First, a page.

And then we wait. This is the period called “maturation”. The milk is acidifying, slowly or quickly, and cooling to our ideal temperature to add the rennet. This is a delicate moment that must be attended to. If it cools too quickly, it won’t acidify correctly and we’ll have problems. If it stays too hot it could acidify too fast and we’ll lose control of the cheese make. Stringy and over-acidified curd could be the result, which then leads to inconsistent cheese sizing, and difficult ladling and, well, not what you want.

So I check the pH and I check the temperature, and, having made this cheese many, many times now, I work off my experience and take a coffee break, check in on the caves, clean up the lactic processing room, and of course scrub down and rinse the pasteurizing vat. Camembert takes time. More time than hard cheeses, less time than lactic. It has its laws that we must follow.

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Patience and care pay off. The milk acidifies perfectly and at the perfect temperature we add the rennet.

Rennet is the naturally produced enzyme which breaks down milk. We obtain it from baby ruminants before they are weaned from drinking milk (think calves, kid, lambs).

I love the tale that Mario Battali told in one of his articles (which one?) on the origins of cheese. The hypothesis is that a long, long time ago a hunter roasted a whole young ruminant (kid, faun? lamb?) and discovered a lovely gelled milk product in the intestines. In fact, when I met Mario the other day he described a classic Italian peasant dish called (????) that serves up inch long pieces of lamb (or kid) intestines filled with curdled milk (quite similar to ricotta) and simmered in sauce like small ravioli. He promised that we might make this dish together one day (can I hold him to that promise? Wouldn’t that be grand!).

Add the rennet. Wait. Check for the Floculation point. Pay attention. Calculate. Wait. Observe. Get ready. Cut. Move around. Cut. Remove whey. Wait. Cut. Move around. Remove Whey. Wait. Check for texture. Observe. Ready? Ladle. Wait. Flip. Wait. Flip. Go home to rest and come back the next day. Flip. Salt. Wait. Flip. Salt. Wait. Observe. Is the rind beginning? Is it beginning to look a bit fuzzy? Time for the caves. Do I wrap them before or after they head to the caves? Hmmmm.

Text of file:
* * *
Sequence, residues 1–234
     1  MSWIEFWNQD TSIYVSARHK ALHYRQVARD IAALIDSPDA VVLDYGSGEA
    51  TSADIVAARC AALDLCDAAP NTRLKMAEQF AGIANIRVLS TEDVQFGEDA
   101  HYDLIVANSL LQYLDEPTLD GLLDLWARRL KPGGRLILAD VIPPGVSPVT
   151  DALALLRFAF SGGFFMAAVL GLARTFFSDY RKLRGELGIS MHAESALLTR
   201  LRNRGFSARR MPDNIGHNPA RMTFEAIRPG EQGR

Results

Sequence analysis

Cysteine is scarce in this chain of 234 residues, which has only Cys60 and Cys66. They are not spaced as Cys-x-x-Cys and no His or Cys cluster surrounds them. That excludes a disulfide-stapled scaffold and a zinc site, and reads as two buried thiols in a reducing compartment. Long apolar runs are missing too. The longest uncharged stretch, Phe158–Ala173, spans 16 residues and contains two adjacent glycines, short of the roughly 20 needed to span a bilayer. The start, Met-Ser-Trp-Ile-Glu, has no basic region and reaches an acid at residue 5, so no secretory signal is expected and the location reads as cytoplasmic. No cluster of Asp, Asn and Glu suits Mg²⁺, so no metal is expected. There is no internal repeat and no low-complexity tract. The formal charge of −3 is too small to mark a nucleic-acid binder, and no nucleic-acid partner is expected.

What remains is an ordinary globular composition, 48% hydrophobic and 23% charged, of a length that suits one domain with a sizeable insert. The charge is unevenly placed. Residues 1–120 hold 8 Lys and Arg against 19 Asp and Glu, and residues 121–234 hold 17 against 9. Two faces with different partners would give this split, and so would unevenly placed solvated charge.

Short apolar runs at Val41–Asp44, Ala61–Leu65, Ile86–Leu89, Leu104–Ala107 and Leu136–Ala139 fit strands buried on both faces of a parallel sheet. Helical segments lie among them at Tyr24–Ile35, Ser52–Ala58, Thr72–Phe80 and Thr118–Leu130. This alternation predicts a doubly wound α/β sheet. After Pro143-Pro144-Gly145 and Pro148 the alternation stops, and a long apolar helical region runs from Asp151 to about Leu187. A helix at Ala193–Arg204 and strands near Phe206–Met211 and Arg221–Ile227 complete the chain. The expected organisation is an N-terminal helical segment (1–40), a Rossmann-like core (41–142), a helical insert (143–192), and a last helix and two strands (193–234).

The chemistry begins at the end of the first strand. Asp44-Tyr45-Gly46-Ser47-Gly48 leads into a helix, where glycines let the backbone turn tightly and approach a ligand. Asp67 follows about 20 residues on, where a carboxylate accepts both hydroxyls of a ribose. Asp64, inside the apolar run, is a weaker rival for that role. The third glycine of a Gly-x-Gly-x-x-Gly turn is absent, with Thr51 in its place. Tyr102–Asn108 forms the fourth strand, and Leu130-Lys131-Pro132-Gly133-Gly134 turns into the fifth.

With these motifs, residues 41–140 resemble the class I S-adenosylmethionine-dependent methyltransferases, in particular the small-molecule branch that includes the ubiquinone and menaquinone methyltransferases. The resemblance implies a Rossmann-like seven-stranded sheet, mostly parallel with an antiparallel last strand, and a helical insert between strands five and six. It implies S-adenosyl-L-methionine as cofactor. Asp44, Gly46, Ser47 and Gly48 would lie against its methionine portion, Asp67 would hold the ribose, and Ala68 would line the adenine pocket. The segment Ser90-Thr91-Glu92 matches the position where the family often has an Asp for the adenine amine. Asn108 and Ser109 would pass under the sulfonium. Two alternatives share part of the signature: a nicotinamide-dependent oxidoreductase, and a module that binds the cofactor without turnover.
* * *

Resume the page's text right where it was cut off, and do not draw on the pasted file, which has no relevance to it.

Camembert belongs to the family of “pâtes molles” – soft paste, or more prosaically, runny cheese. As I’ve learned, many factors contribute to that uniquely gooey texture of a ripened camembert. And slowly, I’m gaining the skills to manage and predict this most wonderful behavior that comes from the gentle breakdown of the proteins and fat in the cheese encouraged by that most white of rinds.

To help make these decisions we test the milk solids before cheese make – protein and fat content – are they high? Are they consistent with the past few weeks? What is the ratio of one to the other? Colleagues who’ve been making cheese for decades simply taste the milk, feel it in their fingers and on their tongue, and they just know. Their senses speak to them, but they are also aided by their knowledge of the seasons and the pastures their herds feast upon. All contribute to milk quality. I am learning the variations of milk quality and how they coincide with time on pasture, rainy days, post-kidding wearies and more.

I never expected to make camemberts when I first made goat cheese in Provence. When you tell a French friend that you’re interested in goats, this is the last cheese that will come to mind. And frequently I’ve encountered doubtful and surprised friends and colleagues. Truly? a goat camembert? Yes, gooey and delicate. Reminiscent, if also very different from its French cousin. Time to make some of my favorite multi-grain bread to go with it.

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What Cheese to Make?

IMG_2515In a world where one country can propose over 246 different kinds of cheese (as spoketh De Gaulle), how does one decide what cheeses to make? There are multiple options and few limitations in today’s world, but all those different cheeses came about due to quite clear and delineated limitations.